The Story of “Grandmamma”

By Sylvie Collett-Holmes

Many, many years ago, way back in 1999 in the good old days when Christies in London still had a specialist sewing tools sale, I purchased a little unmarked silver sewing set from around 1840. I knew it was by the well-known silversmith, Joseph Taylor as his mark “I.T.” was under the handle of the pincushion. I was particularly drawn to the set as on the lid was a small silver cartouche engraved “Grandmamma”, not because I have children or grandchildren (I have neither!) but because I simply thought it charming. After a bidding battle I secured the Lot for £300 including the premium which was a lot less than nowadays! It came home with me and was a cherished part of my small collection of sewing tools. As my favourite sewing tool to collect was, and still is, the little silver basket pincushions from the early 19th century, the set fitted right in perfectly. In addition to the basket pincushion, it also contained a stiletto, knife, tape measure, bodkin, a pair of scissors in a sheath and a pretty thimble which may not be original to the set but fits beautifully and is definitely contemporary age-wise.


I imagined someone giving the set as a gift to their beloved Grandmamma and how she would have loved it. Mostly because it was a gift from a grandchild and not as something to be used as the tools had little sign of wear so I don’t think Grandmamma was much of a needle woman!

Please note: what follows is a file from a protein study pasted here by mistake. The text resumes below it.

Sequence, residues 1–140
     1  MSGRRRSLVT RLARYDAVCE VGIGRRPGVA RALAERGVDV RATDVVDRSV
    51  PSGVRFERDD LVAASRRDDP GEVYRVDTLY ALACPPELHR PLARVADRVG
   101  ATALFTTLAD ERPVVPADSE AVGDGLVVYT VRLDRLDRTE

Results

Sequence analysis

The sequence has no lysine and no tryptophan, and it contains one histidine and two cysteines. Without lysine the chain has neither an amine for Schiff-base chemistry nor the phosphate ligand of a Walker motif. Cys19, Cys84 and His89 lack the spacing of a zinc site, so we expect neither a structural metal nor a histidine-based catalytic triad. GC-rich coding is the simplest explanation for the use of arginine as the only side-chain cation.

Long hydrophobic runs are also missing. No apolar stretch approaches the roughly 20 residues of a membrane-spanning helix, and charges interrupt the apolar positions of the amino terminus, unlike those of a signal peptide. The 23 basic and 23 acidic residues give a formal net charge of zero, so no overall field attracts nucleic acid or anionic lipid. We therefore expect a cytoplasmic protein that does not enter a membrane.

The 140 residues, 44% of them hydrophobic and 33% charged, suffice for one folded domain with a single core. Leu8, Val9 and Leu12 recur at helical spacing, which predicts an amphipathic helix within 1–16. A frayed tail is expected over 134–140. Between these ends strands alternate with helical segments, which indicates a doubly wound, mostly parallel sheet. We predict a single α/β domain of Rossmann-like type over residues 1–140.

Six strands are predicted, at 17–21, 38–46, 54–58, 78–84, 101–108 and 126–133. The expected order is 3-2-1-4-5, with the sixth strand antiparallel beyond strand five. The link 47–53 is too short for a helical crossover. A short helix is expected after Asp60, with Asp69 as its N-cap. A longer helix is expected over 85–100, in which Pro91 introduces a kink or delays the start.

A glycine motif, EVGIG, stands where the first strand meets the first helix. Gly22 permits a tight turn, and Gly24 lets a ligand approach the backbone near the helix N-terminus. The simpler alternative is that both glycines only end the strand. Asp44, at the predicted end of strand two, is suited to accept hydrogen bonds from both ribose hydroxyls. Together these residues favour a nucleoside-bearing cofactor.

Back in those days I was working full time as an antiques dealer in the lovely Georgian area known as The Pantiles in Royal Tunbridge Wells in Kent. Finding fresh to the market stock of sewing tools in particular is not easy as any dealer will tell you. It’s a lot of trawling through auction catalogues for that one item in a sea of china, glass, furniture and silver, driving many miles to view auctions, fairs and private collections, both here in the UK and all over Europe, but sometimes you get very short of good items with which to tempt your customers. Not having a lot to sell means not having a lot of income so I made the tough decision to part with some of my little collection, including my dear “Grandmamma” sewing set.

I took it into the shop, putting a reasonably high price on it in the hope nobody would buy it but one of my best customers fell in love with it and bought it.  Although it was sad to part with the set, I knew this customer would love and cherish it as I had.

Time passes and I moved almost 200 miles away from Kent but continued my job as an antiques dealer.  One day in September 2017 I had a phone call from the lovely lady who had bought the set. She gave me the sad news that her husband had recently passed away and as she was down-sizing she needed to sell her collection.  My partner Mike and I drove the 200 miles to the Kent coast where she lived. I spent the afternoon with her, reminiscing about the times she visited Tunbridge Wells with her husband to call in to the shop where I traded. I bought lots of items from her, most of which I’d sold to her originally, including the Grandmamma set.

Yes, it is still in my own collection. That has grown over the years (along with my waistline but not my bank balance!) but it’s still the only sewing set I have kept. I’ve had numerous other Joseph Taylor style sewing sets which I’ve sold, some much more extensive and valuable, but I won’t part with Grandmamma again!

Sylvie will be found on Stand F34 at our Winter fair which opens on Thursday 24th November and runs until Sunday 27th November at the NEC Birmingham.